Transcript - DeafBlind Living

Hello everyone! I would like to talk about my independent living. I want to first describe how I lived independently when I was a student at Perkins School for the Blind. Perkins School has a special program for independent living training. I went to that program and learned how to become independent. I lived with three roommates, and we all shared responsibilities. The training taught me how to clean and how to cook a variety of things. I was a good learner, and when I graduated from Perkins, I didn’t live independently yet, but last year I finally moved to a new apartment and now I live alone with no roommates. I decided to live alone for a few reasons. No male roommates, not that I really mind either way. I can spend time with friends or I can go places to socialize.

How do I live independently? Well, first, I have a computer and an iPad, and my phone for communication. For example if I want to go out food shopping, I rely on DeafBlind community access technology through the internet. They have agency support through MCB and MCDHH. They have funding in support of DeafBlind services, which require providers to meet with a DeafBlind person; they are already trained to help with independent living. For example, a person in training to become a provider goes with me to the food store to help me shop. They go with me to dentist appointments, and there’s also an interpreter there who will help with necessary communication with the doctor. The interpreter and the doctor keep confidential information private and they translate between speech and sign. That’s how an interpreter works. After, the provider drops me off at my home.

If there’s no provider for food shopping, I am stuck, so I have to go online for food shopping to places nearby that have online options. I have a special app I can open to search for specific things by looking at the pictures. I set it up so the food is delivered through a service that will bring the food to my home. The only negative part is I have to pay for the tip and the delivery service fee, which are kind of expensive. Or, for example, I forgot my milk last week. I had to set up an appointment ahead of time for food shopping, but when I brought it inside and put it all away, I realized I’d forgotten the milk! I think that was last Monday. I placed another order and I was finally able to have milk, that was great.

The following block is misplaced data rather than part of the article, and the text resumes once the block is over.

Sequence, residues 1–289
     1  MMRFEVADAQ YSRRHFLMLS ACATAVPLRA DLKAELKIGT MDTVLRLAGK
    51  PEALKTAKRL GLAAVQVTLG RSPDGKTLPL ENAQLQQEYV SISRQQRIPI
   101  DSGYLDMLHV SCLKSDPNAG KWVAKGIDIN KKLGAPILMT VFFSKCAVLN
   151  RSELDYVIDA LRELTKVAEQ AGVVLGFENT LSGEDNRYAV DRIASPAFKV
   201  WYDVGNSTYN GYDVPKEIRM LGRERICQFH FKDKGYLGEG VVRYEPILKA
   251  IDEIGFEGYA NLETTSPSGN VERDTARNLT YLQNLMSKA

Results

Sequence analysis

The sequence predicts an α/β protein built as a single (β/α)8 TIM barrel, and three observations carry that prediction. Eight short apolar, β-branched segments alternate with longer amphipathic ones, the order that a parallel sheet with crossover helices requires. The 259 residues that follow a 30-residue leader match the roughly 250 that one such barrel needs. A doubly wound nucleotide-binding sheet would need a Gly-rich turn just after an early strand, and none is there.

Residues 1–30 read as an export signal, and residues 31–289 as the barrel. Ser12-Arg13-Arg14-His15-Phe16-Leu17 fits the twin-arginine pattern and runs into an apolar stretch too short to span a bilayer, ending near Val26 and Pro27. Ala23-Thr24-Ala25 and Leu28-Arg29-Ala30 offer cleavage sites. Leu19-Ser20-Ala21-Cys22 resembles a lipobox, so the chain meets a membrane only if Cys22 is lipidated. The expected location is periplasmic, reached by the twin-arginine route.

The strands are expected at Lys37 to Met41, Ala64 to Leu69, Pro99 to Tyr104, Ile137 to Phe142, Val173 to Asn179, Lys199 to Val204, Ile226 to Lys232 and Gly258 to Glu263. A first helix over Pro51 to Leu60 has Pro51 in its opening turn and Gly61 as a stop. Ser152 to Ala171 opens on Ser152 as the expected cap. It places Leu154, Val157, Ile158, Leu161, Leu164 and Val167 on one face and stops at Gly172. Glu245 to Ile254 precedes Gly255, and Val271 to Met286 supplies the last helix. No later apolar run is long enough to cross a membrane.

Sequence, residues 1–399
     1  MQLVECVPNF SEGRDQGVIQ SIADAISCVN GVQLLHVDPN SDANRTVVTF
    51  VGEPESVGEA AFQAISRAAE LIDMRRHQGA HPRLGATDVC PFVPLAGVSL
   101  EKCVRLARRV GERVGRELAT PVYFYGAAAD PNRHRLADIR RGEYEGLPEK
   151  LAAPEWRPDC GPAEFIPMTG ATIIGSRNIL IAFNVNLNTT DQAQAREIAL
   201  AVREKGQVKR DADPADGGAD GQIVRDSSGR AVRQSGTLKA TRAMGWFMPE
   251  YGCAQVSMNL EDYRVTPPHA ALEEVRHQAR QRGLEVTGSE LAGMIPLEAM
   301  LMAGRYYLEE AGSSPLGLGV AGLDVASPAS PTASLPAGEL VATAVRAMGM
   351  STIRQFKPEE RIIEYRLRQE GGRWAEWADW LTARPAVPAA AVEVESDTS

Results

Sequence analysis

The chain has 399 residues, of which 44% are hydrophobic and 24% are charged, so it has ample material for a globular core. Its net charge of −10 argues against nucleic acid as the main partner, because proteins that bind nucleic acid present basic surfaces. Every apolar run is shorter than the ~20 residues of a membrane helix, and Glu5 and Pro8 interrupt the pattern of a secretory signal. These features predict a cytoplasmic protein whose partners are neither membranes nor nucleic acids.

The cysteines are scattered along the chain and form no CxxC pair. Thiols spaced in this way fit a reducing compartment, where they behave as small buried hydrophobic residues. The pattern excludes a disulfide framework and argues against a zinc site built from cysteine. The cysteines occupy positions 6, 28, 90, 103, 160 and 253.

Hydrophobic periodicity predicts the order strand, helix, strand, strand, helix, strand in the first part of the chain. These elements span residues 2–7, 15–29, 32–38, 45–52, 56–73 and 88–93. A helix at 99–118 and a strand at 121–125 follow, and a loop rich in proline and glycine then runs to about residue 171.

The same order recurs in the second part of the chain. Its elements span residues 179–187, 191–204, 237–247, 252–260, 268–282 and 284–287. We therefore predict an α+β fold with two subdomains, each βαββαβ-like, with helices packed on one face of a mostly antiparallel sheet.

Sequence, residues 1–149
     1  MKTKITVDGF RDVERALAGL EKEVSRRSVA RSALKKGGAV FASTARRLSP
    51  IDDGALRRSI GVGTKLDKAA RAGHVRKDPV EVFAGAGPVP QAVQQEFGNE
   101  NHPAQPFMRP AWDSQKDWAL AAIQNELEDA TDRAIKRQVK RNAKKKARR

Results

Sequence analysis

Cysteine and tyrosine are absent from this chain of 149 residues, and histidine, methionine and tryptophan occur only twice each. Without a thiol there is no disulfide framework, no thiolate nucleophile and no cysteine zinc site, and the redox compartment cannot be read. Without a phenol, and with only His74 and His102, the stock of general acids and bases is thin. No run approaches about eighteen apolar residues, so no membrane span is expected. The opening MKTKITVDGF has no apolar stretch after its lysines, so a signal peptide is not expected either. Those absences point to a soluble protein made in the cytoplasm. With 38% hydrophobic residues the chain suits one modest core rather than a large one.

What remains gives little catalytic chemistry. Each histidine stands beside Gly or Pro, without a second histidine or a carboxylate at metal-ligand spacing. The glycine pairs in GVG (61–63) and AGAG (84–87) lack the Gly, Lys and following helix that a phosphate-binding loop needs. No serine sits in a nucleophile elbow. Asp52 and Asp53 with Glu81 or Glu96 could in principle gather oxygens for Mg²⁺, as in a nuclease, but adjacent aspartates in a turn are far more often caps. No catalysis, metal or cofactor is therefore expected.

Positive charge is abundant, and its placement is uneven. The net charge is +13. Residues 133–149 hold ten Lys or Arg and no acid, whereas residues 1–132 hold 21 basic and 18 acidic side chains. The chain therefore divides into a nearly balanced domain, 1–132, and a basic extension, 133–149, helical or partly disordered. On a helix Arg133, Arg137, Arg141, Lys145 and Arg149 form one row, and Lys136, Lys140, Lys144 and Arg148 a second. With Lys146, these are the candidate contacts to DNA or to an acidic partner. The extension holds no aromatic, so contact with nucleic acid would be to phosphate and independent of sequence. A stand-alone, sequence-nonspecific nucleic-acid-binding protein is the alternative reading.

The iPad has helped me become more independent. Last Monday night I was chatting with my mom using FaceTime which means the video will connect through the internet and my mom will sign or fingerspell through the screen—it’s really cool, very good technology. I can communicate with my mom and Jaimi that way.

Sometimes I use the computer for emails and business communication related to scheduling with providers and making appointments, like dentist appointments. It’s easy for me to communicate important business things through email.

Another piece of technology I use in my independent living apartment is a bed vibrator. If there’s a fire or an alarm clock or my phone gets a text message, it will vibrate the bed so I wake up, and there’s also a light that flashes. If someone rings my doorbell—since if someone knocks I can’t hear—they use the doorbell and the lights flash and that’s

how I know someone is there. If a provider is going to show up at my apartment, they let me know fifteen minutes before and even contact me the day before to let me know all the plans and make sure I understand everything.

I also have amazing independent living technology. I use the microwave and I am learning how to cook. There is braille for turning heat on high or turning it low. The oven has braille for changing the temperature. I haven’t learned it yet, but I’m working on it! There’s braille on the dials with arrows.

My apartment was made accessible for the former tenants who lived there before me, who were old and sadly died. So I moved into the apartment and I can live there independently on my own. Okay, my time has run out, I’m finished

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